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Dude, Stop Microaggressing My People – The Plight of German Americans

College campuses across the nation recently played host to “Cinco de Drinko”-styled parties celebrating the Mexican holiday “Cinco de Mayo,” which commemorates the Battle of Puebla.

Steadfast Mexican national-holiday-legitimacy defenders did their best to try to stymie the partygoers before they could ignorantly and shamelessly appropriate Mexican culture for their own tequila-drinking needs.

One particularly brave cautionary poster was posted outside of Haines Hall on the UCLA campus on Monday:













In the wake of these dark festivities, at which bumbling white people dared speak high school-level Spanish and wear certain types of hats, I would like to follow in this brave culture-defender’s footsteps and call attention to the plight of another oppressed group of people currently residing in America: German-Americans.

I am a cultural and ethnic mosaic: half German, a quarter Swedish, an eighth Swiss, and an eighth Norwegian. That makes me “Sub-Scandinavian Anglo-European Heterodox American/Questioning” (look it up, it’s one of the 51 ethnicities you can choose from on Facebook).

However, though I may practice certain Scandinavian cultural norms and I subscribe to the social constructs of the power structures of Switzerland, I identify predominantly as German-American.

You may be wondering what forms of oppression my people are subject to? Let me enlighten you—though you may have to think long and hard about where you have seen these types of oppression because they largely take the form of microaggressions and structural racial animus deeply ingrained in American society. You simply cannot understand this sort of oppression or even notice its existence unless you are a part of the oppressed people, therefore you’ll have to take my word for it that it exists, and that it hurts.

This whole Cinco de Drinko fiasco hit home for me because it reminded me of a particular German celebration that Americans blithely appropriate for their own drinking needs (beer in this case): Oktoberfest.

I have many friends that studied abroad in Europe over the past year, and their itineraries all contained one commonality: they all made sure to attend an Oktoberfest celebration in order to engage in massive beer consumption.

Here’s a picture of boorish Americans having fun at my culture’s expense:












The perpetuation of negative stereotypes we see here is rather astounding. Do Americans think we all have long blonde hair and blue eyes? Are these three really so bold as to caricature my people as being chronic suspender wearers? I bet they’re all speaking their filthy high school German, too.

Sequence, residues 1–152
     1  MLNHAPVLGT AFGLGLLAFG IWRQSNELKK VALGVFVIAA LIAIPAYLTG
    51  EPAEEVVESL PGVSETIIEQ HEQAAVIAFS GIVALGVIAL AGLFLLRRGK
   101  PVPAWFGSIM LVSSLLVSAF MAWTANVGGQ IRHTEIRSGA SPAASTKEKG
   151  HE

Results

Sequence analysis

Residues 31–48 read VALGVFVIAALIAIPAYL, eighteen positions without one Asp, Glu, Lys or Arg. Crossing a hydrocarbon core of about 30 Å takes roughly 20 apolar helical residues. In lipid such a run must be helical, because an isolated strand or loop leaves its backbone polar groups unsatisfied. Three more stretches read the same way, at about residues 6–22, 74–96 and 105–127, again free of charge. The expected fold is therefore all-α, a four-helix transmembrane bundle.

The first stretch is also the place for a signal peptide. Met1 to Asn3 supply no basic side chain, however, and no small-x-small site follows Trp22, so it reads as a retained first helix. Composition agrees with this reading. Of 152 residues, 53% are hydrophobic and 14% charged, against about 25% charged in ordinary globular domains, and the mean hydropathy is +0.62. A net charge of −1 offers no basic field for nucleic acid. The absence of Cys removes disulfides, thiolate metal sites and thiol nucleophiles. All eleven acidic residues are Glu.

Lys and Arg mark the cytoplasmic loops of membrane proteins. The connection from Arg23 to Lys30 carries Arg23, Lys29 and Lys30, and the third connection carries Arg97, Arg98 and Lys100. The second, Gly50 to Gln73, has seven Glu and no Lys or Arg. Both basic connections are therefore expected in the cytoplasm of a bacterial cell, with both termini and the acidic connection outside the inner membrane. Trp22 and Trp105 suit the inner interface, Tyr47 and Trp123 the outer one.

Above all, the worst aspect of this is that these Americans perpetuate the negative stereotype that Germans get hammered and go nuts—notice the guy on the right crossing his eyes in blatant microaggression?

I’d be willing to wager my American comrades know nothing about the history behind Oktoberfest—that it is a celebration of the nuptials of King Ludwig I. They’re simply having too much ignorant fun.

My culture is not yours to appropriate.

Wait, now that I think about it, I’m actually not even sure what “appropriating a culture” means… well, anyway, at least I know that my ability to live my life the way I wish is severely diminished when I see my friends getting bashed whilst donning German garb and blonde wigs. Or is it? Nevermind, lost my train of thought…

Though cultural appropriation is despicable, microaggression is even worse.

During my sophomore year, in the last session of my molecular biology course, my instructor was showing us a slideshow of careers we could have with a molecular biology degree when a slide of two older, white men doing science came up on the screen. The instructor proceeded to say: “We have too many old, white men in lab coats, I am hoping all of you will help change that as you become scientists.”

Wait, was that a microaggression or macroaggression against me? Let me check my critical race theory textbook real quick.

People sometimes tell me: you’re being too sensitive. So what if your friends are having fun with a German holiday? Have fun with them, laugh with them, and make fun of your own culture a little bit with them too! It’ll be fun—a little self-deprecation never hurt anybody!

They just don’t understand. My Germanness is what defines me more than anything else. Not the values I might share with my non-German American friends, nor the goals, nor the sense of humor I might share. I am German and they are not. I take pride in being German first, American second.

As for the molecular biology course incident, I’ll turn the humor off for a second.

That actually happened, and the quote relays what the instructor, whom I won’t name, said nearly verbatim.

How did I respond to this clearly racist professor’s stupid remarks? I laughed out loud, promptly decided she was an idiot, and simply decided not to take another class from her.

College Fix contributor Josh Hedtke is a student at UCLA.

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